## Movie Recommendation Model Using Cosine_Similarity and CountVectorizer: Scikit-Learn

Similarity analysis is a common task in Natural Language Processing(NLP). YouTube or Netflix use similar techniques to recommend to their customers. They analyze the previous behavior of their customers and based on that, they recommend similar material for them. In this article, I will discuss how to develop a movie recommendation model using the scikit-learn library in python. I will also use a similarity analysis technique. It involves a lot of complex mathematics. But the scikit-learn library has some great in-built functions that will take care of most of the heavy lifting. I will explain how to use those functions and their job as we move forward with the exercise.

## Dataset Overview

I will use a movie dataset for this exercise. I am giving the link to the dataset at the bottom of this page. Please feel free to download and run all the code for better understanding.

Here is the step by step implementation of the movie recommendation model:

1. Import the packages and the dataset.
`from sklearn.metrics.pairwise import cosine_similarityimport pandas as pdimport numpy as npfrom sklearn.feature_extraction.text import CountVectorizerfrom sklearn.metrics.pairwise import cosine_similaritydf = pd.read_csv("movie_dataset.csv")`

2. The dataset is too big. So, I cannot show a screenshot here. Here are the columns of the dataset. They are self-explanatory. Column names will tell what is the content in it.

`df.columns#Output:Index(['index', 'budget', 'genres', 'homepage', 'id', 'keywords',        'original_language', 'original_title', 'overview', 'popularity',        'production_companies', 'production_countries', 'release_date',        'revenue', 'runtime', 'spoken_languages', 'status', 'tagline', 'title',        'vote_average', 'vote_count', 'cast', 'crew', 'director'],       dtype='object')`

3. Choose the features to be used for the model. We do not need to use all the features. Some of them are not appropriate for this model. I choose these four features:

`features = ['keywords','cast','genres','director']`

Please feel free to include more features or different features for the experiment. Now, combine those features and make one column out of those four columns.

`def combine_features(row):    return row['keywords']+" "+row['cast']+" "+row['genres']+" "+row['director']`

4. If we have null values, that may create problems later on in the algorithm. Fill the null values with empty strings.

`for feature in features:    df[feature] = df[feature].fillna('')df["combined_features"] = df.apply(combine_features,axis=1)`

5. Fit and transform the data into the ‘count vectorizer’ function that prepares the data for the vector representation. When you pass the text data through the ‘count vectorizer’ function, it returns a matrix of the number count of each word.

`cv = CountVectorizer() count_matrix = cv.fit_transform(df["combined_features"])`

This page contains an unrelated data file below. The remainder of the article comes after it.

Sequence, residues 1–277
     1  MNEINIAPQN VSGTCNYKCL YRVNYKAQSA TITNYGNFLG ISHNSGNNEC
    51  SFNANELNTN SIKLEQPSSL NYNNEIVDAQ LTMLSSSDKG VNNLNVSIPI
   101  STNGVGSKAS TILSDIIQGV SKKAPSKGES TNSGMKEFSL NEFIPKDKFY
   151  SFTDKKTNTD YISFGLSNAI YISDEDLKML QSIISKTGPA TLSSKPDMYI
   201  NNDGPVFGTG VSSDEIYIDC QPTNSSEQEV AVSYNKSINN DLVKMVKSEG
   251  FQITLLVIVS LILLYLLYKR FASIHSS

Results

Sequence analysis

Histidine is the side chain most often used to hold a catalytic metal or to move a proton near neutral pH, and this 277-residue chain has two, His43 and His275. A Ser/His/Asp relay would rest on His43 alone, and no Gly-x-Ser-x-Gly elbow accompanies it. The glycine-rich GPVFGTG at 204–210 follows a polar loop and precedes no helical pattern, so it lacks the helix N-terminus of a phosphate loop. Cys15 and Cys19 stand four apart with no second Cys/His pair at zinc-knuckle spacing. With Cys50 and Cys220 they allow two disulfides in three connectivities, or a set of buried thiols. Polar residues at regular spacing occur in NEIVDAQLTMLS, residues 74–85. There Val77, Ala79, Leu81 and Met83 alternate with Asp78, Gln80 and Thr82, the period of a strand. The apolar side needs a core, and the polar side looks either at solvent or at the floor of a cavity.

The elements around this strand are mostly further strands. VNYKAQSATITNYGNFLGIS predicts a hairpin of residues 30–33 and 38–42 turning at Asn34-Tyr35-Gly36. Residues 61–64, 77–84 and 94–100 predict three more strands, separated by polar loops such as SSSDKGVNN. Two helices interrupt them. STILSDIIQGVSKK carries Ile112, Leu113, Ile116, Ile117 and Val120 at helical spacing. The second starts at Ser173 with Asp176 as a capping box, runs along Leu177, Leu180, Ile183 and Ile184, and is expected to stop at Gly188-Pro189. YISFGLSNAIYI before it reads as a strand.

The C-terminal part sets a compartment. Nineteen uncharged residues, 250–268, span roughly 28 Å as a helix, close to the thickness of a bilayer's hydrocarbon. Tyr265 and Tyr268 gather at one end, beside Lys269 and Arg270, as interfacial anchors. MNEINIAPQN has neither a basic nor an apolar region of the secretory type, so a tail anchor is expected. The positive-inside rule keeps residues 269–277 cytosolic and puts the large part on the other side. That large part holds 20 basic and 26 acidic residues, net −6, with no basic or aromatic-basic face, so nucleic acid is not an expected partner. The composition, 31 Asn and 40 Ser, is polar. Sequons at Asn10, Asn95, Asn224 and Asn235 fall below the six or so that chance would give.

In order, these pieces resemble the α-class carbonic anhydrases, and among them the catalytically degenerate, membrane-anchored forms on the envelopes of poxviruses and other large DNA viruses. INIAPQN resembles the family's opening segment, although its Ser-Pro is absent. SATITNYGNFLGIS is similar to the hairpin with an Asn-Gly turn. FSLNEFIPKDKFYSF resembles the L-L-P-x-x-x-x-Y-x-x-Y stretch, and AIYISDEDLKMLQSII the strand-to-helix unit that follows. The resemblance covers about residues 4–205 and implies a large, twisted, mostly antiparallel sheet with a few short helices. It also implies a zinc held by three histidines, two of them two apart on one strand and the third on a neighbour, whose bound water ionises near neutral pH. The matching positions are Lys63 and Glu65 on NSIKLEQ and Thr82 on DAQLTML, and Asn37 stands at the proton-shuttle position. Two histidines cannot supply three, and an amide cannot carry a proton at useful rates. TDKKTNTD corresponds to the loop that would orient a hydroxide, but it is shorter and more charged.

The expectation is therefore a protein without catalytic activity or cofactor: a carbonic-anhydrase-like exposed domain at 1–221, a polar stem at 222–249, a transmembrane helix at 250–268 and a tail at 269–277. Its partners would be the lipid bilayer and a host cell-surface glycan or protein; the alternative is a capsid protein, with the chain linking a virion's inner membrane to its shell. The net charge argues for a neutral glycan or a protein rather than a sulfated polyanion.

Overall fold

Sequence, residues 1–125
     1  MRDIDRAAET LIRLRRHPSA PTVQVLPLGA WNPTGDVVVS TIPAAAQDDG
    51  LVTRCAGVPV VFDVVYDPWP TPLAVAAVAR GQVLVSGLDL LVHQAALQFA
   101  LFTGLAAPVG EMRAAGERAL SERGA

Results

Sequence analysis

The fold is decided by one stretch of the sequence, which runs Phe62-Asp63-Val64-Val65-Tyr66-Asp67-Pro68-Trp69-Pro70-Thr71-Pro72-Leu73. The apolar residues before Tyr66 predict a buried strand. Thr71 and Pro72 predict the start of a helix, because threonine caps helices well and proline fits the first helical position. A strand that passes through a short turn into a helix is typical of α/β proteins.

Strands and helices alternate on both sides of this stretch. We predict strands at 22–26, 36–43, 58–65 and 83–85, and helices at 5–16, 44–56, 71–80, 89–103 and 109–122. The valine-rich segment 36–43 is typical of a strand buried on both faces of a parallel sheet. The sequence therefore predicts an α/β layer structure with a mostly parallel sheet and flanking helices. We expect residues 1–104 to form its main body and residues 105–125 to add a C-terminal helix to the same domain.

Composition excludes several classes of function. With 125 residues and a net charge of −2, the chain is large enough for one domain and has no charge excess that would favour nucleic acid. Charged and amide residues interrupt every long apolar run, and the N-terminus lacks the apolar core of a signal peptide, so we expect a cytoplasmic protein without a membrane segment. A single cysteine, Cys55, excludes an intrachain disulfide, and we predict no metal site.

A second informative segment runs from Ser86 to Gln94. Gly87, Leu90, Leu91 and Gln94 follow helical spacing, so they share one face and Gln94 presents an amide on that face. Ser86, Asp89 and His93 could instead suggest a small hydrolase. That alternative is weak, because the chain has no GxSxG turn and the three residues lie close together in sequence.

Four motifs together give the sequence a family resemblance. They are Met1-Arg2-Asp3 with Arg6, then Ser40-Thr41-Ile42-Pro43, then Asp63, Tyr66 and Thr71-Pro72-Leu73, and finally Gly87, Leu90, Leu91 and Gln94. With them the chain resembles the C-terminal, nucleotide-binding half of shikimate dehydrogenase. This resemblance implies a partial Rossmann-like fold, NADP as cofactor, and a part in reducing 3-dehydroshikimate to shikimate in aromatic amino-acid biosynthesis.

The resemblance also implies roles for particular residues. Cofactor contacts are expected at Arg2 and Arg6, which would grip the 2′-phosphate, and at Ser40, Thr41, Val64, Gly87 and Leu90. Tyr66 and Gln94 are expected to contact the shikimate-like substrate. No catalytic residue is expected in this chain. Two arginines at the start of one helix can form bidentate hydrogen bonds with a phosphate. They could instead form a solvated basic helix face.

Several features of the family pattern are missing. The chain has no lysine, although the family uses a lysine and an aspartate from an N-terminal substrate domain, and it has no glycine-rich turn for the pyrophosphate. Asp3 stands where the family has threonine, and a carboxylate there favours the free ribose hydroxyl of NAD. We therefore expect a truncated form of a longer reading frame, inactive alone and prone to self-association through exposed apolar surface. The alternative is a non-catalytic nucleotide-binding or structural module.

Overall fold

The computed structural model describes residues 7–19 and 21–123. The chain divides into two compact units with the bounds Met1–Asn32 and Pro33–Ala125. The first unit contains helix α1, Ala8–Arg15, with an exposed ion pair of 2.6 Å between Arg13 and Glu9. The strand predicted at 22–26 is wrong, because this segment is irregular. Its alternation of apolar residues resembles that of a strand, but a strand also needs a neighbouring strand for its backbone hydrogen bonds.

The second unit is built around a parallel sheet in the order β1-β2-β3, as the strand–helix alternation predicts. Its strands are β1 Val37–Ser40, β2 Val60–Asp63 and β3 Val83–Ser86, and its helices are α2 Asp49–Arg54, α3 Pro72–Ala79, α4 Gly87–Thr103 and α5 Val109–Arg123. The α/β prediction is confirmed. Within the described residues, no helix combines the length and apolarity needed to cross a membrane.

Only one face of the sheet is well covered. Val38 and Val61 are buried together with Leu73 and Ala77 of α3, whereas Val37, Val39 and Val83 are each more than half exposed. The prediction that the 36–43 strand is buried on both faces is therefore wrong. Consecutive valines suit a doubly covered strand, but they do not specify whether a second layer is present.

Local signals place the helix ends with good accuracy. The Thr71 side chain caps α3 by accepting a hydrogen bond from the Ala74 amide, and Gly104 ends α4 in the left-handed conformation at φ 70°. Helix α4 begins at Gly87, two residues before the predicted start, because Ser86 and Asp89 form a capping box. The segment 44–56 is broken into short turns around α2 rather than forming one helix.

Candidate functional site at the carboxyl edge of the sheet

6. Use ‘cosine_similarity’ to find the similarity. This is a dynamic way of finding the similarity that measures the cosine angle between two vectors in a multi-dimensional space. In this way, the size of the documents does not matter. The documents could be far apart by the Euclidean distance but their cosine angle can be similar.

`cosine_sim = cosine_similarity(count_matrix)`

This ‘cosine_sim’ is a two-dimensional matrix and it’s a coefficient matrix. I am not going to explain the cosine_similarity in detail here because that is out of the scope of this article. I wanted to show, how to use it.

7. We need to define two functions. One of the functions returns the title from the index and the other one returns the index from the title. We will use both functions soon.

`def find_title_from_index(index):    return df[df.index == index]["title"].valuesdef find_index_from_title(title):    return df[df.title == title]["index"].values`

8. Take a movie that our user likes. Let’s take ‘Star Wars’. Then find the index of this movie using the function above.

`movie = "Star Wars"movie_index = find_index_from_title(movie)`

The index of ‘Star Wars’ is 2912. As I mentioned earlier that ‘cosine_sim’ in step 6 is a matrix of the similarity coefficients. Row 2912 of that matrix should provide the similarity coefficients of all the movies with ‘Star Wars’. So, find row 2912 of the matrix ‘cosine_sim’.

`similar_movies = list(enumerate(cosine_sim[movie_index]))`

I am using enumerate to get the index and the coefficients. ‘similar_movies’ is a list of tuples that contains index and coefficients. I love using the ‘enumerate’ in python. It comes in handy a lot of time.

9. Sort the list ‘similar_movies’ by the coefficients in the reverse order. That way, the highest coefficients will be on top.

`sorted_similar_movies = sorted(similar_movies,key=lambda x:x,reverse=True)[1:]`

We are not taking the first one from the list because the top one in the list will be ‘Star Wars’ itself.

10. Use the function ‘find_title_from_index’ to get the top five similar movies to the ‘Star Wars’.

`i=0for element in sorted_similar_movies:    print(get_title_from_index(element))    i=i+1    if i>5:        break`

The top five similar movies to ‘Star Wars’ are:

The Empire Strikes Back

Return of the Jedi

Star Wars: Episode II — Attack of the Clones

Star Wars: Episode III — Revenge of the Sith

Star Wars: Episode I — The Phantom Menace